I. Loved. Every. Single. Minute.
A marathon of true beauty! Marathon du Mont Blanc is more than just a race, this is a party of trail running that takes place in one of THE Mecca’s of the sport, Chamonix. Traversing through the awe inspiring nature reserve, The Aiguilles Rouges, this event has eight various trail races (90k, 42k, 23k, 10k, VK, duo etoile night race, mini cross and the young marathon) to choose from and is a celebration of mountain running at its finest. The marathon had 2,300 runners and the electrified start at 7am on Sunday morning set goosebumps off on every competitor. The streets are lined with fans cheering on the runners but not just at the start, throughout the race through the villages and high up on top of the mountains they were there in so many ways from the loud trumpet blowers, cheering baton bashers, live bands with singers and throngs of dancers to the cute kids offering high fives and cheers of “Allez! Allez!”
With 42km and 2,780m ascent this is a tough and challenging route, made all the more difficult with temperatures reaching 32 degrees in the valley. Starting in the cooler temperatures of the early morning you are pulled into a false sense of ease as the route takes you from Chamonix into the cross country trails up through La Lavancher (I did manage to face plant only 3 Miles in on the least technical descent of the day), following the Petit Balcon Nord to Montroc and along the nature reserve running along the Col de Montets.
The valley is in full bloom, greenery all around and bright flowers absolutely everywhere and running into Vallorcine felt like a dream. Masses of people lined the path into the checkpoint and there was a lively dancing band boosting energy levels before the first serious climb of the day up to Col Des Posettes. Aid stations are laden with local cheeses, salamis, fruit, nuts, baguettes, dark chocolate and plenty of still/sparkling water and coke. It’s certainly worthwhile taking advantage of what’s on offer. All usually served by super friendly volunteers and accompanied by some form of live music or dancing, it’s a party for everyone from the runners and volunteers to the locals and random hikers.
All the runners are made to feel like superstars as we tackled the climb which again was lined with loss of exuberant supporters, all reading our names on our bibs to shout out personal encouragement. It gives you a taste of what the Tour de France cyclists feel like with the people crowding onto you on a narrow path, it’s absolutely electrifying! As the path narrowed and disappeared into the forest the crowds disappeared and gave way to solid hard work, with only the sounds of heavy breathing and the rhythmic ‘tap, tap’ of hiking poles as we ascended.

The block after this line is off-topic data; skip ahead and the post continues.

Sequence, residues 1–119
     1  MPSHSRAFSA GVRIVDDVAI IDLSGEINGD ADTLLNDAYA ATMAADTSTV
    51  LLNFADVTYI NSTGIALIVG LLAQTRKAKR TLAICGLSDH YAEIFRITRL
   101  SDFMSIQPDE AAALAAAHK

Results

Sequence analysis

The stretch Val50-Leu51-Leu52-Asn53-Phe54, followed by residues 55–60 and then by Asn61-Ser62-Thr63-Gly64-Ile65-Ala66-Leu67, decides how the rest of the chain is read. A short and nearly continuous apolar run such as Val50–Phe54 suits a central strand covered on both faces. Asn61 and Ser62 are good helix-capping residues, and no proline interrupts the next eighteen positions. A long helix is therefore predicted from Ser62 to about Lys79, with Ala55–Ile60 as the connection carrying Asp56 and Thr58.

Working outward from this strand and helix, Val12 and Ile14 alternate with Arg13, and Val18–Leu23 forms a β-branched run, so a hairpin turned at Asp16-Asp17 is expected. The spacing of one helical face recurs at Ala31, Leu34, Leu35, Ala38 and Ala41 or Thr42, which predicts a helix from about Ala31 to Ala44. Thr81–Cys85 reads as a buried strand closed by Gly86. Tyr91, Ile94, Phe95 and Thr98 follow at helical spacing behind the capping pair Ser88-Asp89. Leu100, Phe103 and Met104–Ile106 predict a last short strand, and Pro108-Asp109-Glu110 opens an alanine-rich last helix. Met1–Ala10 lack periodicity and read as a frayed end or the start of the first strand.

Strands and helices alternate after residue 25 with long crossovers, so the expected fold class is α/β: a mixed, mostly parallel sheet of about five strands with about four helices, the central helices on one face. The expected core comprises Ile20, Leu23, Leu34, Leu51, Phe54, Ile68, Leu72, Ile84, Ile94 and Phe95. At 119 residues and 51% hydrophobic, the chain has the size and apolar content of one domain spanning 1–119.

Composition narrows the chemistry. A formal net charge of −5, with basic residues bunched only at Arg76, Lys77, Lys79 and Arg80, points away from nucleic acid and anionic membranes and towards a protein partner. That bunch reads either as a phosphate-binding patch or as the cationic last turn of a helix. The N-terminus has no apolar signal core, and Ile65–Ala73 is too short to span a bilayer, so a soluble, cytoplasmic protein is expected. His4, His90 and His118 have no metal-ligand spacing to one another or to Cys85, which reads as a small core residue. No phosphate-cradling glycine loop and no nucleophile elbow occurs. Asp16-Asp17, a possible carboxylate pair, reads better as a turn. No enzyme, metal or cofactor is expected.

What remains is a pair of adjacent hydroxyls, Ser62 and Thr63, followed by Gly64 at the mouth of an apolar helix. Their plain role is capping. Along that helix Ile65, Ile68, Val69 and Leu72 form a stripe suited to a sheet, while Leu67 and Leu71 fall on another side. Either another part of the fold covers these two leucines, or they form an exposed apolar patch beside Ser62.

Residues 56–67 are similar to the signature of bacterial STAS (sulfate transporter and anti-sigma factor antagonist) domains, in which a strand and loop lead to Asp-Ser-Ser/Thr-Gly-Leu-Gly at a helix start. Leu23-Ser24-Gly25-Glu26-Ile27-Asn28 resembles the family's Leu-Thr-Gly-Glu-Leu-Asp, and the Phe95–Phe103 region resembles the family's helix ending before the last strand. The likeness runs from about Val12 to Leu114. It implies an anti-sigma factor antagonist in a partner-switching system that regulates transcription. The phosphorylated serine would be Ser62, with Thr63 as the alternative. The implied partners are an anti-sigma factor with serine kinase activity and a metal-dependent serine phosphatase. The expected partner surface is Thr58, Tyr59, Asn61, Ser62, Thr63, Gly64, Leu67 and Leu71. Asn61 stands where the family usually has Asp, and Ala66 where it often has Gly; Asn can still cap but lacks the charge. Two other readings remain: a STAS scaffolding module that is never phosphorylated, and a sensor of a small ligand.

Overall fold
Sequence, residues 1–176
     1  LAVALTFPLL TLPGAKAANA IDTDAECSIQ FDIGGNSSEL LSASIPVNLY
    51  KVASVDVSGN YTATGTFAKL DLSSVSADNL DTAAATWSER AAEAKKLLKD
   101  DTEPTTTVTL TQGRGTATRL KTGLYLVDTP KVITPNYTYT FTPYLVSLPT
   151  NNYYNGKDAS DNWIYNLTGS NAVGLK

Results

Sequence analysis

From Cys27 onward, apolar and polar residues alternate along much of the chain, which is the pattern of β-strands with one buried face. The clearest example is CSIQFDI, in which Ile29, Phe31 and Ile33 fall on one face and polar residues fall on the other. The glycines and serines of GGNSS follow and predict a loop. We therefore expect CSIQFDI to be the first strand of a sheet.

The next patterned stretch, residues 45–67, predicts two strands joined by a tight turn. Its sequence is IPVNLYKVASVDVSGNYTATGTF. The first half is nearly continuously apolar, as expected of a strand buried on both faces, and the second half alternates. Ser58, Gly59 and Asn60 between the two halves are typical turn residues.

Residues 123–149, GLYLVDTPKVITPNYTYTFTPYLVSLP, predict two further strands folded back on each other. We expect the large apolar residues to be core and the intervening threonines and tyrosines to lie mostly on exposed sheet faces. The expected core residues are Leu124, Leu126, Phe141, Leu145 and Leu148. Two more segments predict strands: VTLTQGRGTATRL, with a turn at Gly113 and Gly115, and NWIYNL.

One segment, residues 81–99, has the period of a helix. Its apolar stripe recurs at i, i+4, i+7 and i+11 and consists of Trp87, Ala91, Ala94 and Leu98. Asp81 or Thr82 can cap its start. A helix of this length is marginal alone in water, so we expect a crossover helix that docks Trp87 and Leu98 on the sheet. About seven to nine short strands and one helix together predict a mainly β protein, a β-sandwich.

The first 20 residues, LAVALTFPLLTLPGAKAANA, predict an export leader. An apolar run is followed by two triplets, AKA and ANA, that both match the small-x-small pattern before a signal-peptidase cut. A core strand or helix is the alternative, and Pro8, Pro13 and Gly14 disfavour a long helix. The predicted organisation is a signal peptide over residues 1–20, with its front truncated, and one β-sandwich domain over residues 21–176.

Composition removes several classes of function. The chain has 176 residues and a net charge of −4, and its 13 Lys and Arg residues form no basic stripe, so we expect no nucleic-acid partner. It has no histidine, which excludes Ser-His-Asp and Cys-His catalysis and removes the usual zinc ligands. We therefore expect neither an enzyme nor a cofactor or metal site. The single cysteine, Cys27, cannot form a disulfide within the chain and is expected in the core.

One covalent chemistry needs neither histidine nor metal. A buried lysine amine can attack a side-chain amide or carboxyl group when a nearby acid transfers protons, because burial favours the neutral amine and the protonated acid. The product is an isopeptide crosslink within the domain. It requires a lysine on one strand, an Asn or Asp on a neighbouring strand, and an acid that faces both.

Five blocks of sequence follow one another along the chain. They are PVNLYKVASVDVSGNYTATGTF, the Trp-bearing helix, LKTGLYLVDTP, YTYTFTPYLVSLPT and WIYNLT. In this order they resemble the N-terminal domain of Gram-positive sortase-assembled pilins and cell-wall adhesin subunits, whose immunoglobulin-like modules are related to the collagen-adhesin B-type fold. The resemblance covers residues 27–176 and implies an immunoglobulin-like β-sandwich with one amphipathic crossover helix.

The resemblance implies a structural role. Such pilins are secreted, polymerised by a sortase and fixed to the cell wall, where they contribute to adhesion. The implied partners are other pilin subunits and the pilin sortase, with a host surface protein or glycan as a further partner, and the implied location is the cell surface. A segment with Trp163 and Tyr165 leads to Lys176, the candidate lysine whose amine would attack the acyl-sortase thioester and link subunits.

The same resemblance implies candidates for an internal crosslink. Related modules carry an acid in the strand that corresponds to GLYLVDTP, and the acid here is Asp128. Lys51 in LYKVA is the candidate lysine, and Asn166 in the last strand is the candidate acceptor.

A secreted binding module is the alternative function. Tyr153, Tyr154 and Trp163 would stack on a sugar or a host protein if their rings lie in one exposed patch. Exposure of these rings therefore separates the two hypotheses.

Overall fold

The heat was pretty intense up on the Col but alleviated by an amazingly enthusiastic man playing guitar and singing on the back of a small truck. Plenty of runners were using this as a reason to hang at the checkpoint and soak up the party vibes and snap some stunning photos. We reached the summit of Aiguillette at 2201m and then headed down the steep descent of 850m back to Le Tour, the aid station before the climb up to Flegere. I tackled the descent with gusto, taking the steep rocky paths with tight bends and the odd sheer drop in my stride and it was over in no time!
The final big push up to Flegere was a pretty slow procession of runners, now only hiking, in the heat of the day, some needing to sit on the side of the path to re-gather strength before carrying on. I had to resort to filling up water in the stream as I’d drunk my bottles dry, 1L, in the climb alone. The scent of wild strawberries was in the air and they tasted even better than they smelt, sunkissed, red & ripe. Flegere loomed in front of us and felt within touching distance but felt more like slow motion process up a long wide, open climb in the blazing sun to get there.
Fuelled on coke at long last, I’d saved this for the final stretch, I felt fully charged and got a bit frustrated on the final 5k which was single track and was quite a bottle neck in parts so using my best French ‘excuses-moi’ I got my way last as many people as I could along the tight balcon with a vertical drop off on your left. You could see and hear the finish line the entire 5k, tempting you!
2 small snow drifts to cross just before the finish and it was there! Plan Praz was in front of me with the finish up a small hill which of course you have to run and seeing Dion, Gobi and Jana at the finish I let out a big whoop and massive smiles all round I got my medal.
I can’t recall a race where I felt like I smiled and laughed the entire way around so Marathon Du Mont Blanc will certainly go down in my memory as the funnest and most scenic marathon I’ve ever run.